The Ball High School air rifle team has continued to dominate this season, going undefeated through their first four competitions of the season.
Members of the team are a part of the high school’s JROTC program.
The air rifle team has been around at Ball High School for years and is coached by Maj. Mark Knight.
The team competes in the National Air Rifle League and is currently in first place in its division.
“There are five or six leagues in the army division,” Knight said. “Army teams compete against Army teams. Navy teams compete against Navy teams, etc. It’s a national league.”
The team competes in the Army JROTC Leaders Division of the Orion National Air Rifle League, which is sponsored by the Orion Scoring System.
The league is a national team league for high school teams and junior rifle clubs.
“We shoot with what they call a sporter rifle,” Knight said.
The competitions are slightly different from what some people would expect in that the teams compete from the school.
“What’s interesting is that we shoot at home and then we have a scanner via licensing that once we’re doing, whatever the competition is, we take the orion targets and we put them through a scanner,” Knight said.
As for the season, the league has two parts. An eight-week round-robin regular season is going on now where teams compete for their division title, followed by the postseason, comprising of two single-elimination tournaments. Only the top 16 teams across all divisions advance to the postseason to compete for the league title.
“Its year-round,” Knight said. “It’s all the way through. A lot of the early competitions will be by postal and then some of the results by postal, depending on how good they are, you will get an invite to regional or sections. The largest and most prestigious one is to get to Colorado Springs to the national shooting championships. That’s the hardest one.”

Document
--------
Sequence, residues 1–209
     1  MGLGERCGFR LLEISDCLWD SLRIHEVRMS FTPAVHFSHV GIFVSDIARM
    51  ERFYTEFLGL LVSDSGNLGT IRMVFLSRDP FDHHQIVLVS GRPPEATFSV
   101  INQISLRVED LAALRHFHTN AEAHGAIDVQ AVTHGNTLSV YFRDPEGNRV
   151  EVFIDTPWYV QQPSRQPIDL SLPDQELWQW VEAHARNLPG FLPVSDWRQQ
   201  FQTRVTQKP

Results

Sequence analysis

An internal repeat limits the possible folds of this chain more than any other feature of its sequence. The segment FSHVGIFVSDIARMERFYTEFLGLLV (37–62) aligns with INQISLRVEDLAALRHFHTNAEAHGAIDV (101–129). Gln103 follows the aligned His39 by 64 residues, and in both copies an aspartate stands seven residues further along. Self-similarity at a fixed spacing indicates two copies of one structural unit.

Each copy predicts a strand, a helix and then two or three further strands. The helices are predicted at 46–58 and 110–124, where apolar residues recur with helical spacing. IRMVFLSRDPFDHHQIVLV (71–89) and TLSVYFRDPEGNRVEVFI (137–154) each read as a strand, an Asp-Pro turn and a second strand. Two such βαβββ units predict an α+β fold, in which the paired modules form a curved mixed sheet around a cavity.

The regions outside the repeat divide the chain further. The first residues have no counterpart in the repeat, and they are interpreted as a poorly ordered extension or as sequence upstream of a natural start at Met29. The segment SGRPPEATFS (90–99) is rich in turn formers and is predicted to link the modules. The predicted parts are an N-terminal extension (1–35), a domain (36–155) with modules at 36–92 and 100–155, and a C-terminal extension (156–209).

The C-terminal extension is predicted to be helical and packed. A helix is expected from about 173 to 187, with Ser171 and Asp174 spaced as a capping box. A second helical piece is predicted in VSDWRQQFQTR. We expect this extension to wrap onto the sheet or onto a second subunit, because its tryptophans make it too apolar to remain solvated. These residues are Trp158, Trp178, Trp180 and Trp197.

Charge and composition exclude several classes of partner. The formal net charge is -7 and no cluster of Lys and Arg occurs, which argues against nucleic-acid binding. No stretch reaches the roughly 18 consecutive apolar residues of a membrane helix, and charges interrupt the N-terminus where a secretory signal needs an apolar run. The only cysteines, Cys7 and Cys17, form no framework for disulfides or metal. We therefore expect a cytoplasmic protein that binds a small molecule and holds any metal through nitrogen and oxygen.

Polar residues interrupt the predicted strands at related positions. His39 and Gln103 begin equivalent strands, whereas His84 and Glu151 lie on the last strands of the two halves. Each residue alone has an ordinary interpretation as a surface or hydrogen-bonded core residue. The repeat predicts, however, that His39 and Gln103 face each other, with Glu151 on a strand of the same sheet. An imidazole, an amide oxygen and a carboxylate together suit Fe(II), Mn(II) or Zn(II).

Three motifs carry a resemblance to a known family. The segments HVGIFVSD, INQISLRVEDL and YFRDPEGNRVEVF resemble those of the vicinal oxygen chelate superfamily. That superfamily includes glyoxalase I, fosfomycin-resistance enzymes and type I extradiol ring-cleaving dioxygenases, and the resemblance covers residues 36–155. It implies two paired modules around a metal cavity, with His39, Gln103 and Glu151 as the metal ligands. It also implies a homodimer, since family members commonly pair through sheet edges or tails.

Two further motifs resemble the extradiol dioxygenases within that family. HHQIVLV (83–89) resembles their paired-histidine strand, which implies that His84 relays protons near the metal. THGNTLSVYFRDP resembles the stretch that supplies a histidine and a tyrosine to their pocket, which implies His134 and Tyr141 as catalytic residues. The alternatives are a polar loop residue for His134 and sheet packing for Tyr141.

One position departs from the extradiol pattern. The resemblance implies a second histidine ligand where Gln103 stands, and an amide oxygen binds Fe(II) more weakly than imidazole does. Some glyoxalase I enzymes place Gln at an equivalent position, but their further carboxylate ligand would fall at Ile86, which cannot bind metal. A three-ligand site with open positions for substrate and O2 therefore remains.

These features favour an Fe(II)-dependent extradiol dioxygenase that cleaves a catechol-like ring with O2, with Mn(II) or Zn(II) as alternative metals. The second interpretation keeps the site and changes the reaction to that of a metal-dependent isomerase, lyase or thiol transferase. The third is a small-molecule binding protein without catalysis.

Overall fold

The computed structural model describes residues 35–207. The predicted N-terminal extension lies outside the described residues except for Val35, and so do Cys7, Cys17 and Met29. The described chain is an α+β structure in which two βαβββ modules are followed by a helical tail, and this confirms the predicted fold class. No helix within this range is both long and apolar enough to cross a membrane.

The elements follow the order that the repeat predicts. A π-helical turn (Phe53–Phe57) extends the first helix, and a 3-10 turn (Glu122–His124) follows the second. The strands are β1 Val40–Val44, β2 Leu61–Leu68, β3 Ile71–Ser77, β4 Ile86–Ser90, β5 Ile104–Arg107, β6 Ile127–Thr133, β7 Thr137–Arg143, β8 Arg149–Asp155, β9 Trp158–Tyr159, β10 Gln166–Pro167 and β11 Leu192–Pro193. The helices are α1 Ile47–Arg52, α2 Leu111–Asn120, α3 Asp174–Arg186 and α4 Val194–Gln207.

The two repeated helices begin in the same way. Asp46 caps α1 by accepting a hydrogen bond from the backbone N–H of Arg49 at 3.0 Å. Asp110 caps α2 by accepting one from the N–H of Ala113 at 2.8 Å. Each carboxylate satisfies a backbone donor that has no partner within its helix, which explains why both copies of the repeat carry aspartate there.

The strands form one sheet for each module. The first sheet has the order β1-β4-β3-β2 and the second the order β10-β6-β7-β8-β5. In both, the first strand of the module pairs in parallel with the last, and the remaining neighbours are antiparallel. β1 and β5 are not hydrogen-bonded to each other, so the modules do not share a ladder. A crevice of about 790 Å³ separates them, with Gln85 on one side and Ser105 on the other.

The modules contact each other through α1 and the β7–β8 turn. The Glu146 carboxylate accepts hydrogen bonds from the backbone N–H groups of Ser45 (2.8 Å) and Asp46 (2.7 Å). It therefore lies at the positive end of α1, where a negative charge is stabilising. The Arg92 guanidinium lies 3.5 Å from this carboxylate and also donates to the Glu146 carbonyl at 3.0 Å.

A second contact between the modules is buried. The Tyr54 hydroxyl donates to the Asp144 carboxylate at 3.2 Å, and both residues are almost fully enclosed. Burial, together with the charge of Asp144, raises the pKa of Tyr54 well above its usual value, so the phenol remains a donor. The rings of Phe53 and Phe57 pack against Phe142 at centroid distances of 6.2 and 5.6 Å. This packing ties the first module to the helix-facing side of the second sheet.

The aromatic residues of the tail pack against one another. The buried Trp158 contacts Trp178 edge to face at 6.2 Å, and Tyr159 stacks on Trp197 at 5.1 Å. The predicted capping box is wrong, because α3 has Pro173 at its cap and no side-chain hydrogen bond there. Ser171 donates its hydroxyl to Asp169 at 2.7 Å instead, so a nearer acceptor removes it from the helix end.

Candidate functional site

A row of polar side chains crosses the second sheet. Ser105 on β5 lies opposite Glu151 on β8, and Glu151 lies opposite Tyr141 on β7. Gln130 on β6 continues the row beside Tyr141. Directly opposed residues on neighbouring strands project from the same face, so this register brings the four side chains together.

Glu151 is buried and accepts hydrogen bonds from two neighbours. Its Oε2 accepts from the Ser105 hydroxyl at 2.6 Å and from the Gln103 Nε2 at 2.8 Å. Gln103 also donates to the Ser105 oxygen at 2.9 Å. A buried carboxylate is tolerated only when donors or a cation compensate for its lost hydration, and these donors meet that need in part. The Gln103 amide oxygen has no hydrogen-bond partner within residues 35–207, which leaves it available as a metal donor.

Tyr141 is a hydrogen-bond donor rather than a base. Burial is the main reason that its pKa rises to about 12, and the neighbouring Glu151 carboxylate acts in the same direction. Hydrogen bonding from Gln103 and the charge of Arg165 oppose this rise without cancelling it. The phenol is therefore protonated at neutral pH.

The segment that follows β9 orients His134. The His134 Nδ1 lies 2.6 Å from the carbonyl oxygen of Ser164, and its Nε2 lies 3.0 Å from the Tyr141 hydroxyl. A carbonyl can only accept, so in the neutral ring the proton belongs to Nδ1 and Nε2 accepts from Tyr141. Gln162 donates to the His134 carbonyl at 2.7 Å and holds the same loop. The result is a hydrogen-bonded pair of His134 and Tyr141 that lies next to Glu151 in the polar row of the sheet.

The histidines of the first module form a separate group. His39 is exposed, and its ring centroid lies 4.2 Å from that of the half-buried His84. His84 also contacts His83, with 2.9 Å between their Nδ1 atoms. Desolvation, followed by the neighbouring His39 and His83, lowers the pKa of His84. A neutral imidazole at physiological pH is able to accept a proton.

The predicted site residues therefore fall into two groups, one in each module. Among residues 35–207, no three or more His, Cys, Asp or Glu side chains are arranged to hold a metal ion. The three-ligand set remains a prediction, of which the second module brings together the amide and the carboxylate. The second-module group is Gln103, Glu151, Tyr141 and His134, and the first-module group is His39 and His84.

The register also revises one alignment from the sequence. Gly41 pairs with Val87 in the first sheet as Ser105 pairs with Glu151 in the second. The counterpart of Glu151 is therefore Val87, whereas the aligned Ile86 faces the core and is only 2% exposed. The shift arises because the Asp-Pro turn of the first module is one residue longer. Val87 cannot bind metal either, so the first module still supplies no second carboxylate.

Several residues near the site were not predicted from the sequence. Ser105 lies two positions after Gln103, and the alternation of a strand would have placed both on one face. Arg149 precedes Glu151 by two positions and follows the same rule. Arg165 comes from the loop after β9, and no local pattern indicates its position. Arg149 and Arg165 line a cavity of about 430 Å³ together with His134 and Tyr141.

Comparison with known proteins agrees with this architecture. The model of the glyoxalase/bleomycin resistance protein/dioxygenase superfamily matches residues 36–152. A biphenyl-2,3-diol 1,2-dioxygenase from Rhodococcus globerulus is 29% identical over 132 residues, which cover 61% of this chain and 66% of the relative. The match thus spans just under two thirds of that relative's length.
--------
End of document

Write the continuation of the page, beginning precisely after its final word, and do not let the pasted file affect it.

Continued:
Unsurprisingly, there are different categories that people shoot at, including prone, standing and kneeling while shooters aim for a target.
“We have different competitions,” Knight said. “We have postal competitions which is based on the old postal abilities. You shoot at home and they use an NRA target and when they shoot, we have a record fire piece of paper that we all authorize those shots and then mail them back to them for scoring. That’s a postal match.”
In each game, the teams compete in what is known as a three-position air rifle match. The match is modeled after Olympic rifle competitions but adapted to high school age athletes. Each athlete shoots 10 shots in three different shooting positions, prone, standing, and kneeling. Each shot is worth a maximum of 10 points. The sum of points scored in the 30 shots is the athlete’s total. The team score is comprised of the best four athletes from each team.
“You shoot 10 from the prone, 10 from standing, 10 from kneeling,” Knight said. “You can shoot inside the shape as much as you want or until the time limit is up and then you have to move out to start shooting the targets and you get 10 shots at 10 targets. That little dot is a 10. At the precision level, about 99 percent of the shots hit that dot.”
There are different levels.
“Prone is very difficult,” Knight said. “It’s lying down. It’s a much more relaxed, un-supporting position. Then you move to standing which requires great practice. Your best shooters will hopefully master all three but if you can’t master standing, you’re not going to win anything. It’s always a fight and practice for us to get where we want to go. When one or two do well, everyone around them tends to do well, too. All of a sudden, you’ve hit some magic and the scores will increase.”
Last week, Ball AJROTC defeated Dinwiddie AJROTC (representing Virginia Air Rifle League) by a score of 960 to 925.
Christopher Bonnette led Ball AJROTC and shot a 256. The remaining contributing members were Dreylon Blankenship, Maricela Salinas and Fatima Estrada.
As the season progresses, the members of Ball AJROTC are eager to improve their scores.
“For this season, I wish to end in first place and I also hope to have my score up to a 260,” Estrada said, who is currently in her third year of competing. “As of right now, I believe my best score was a 248 against a team from Florida. It was about three weeks ago.”
Ball High AJROTC recently competed against Ridge Community High School AJROTC this week but results were unavailable at press time.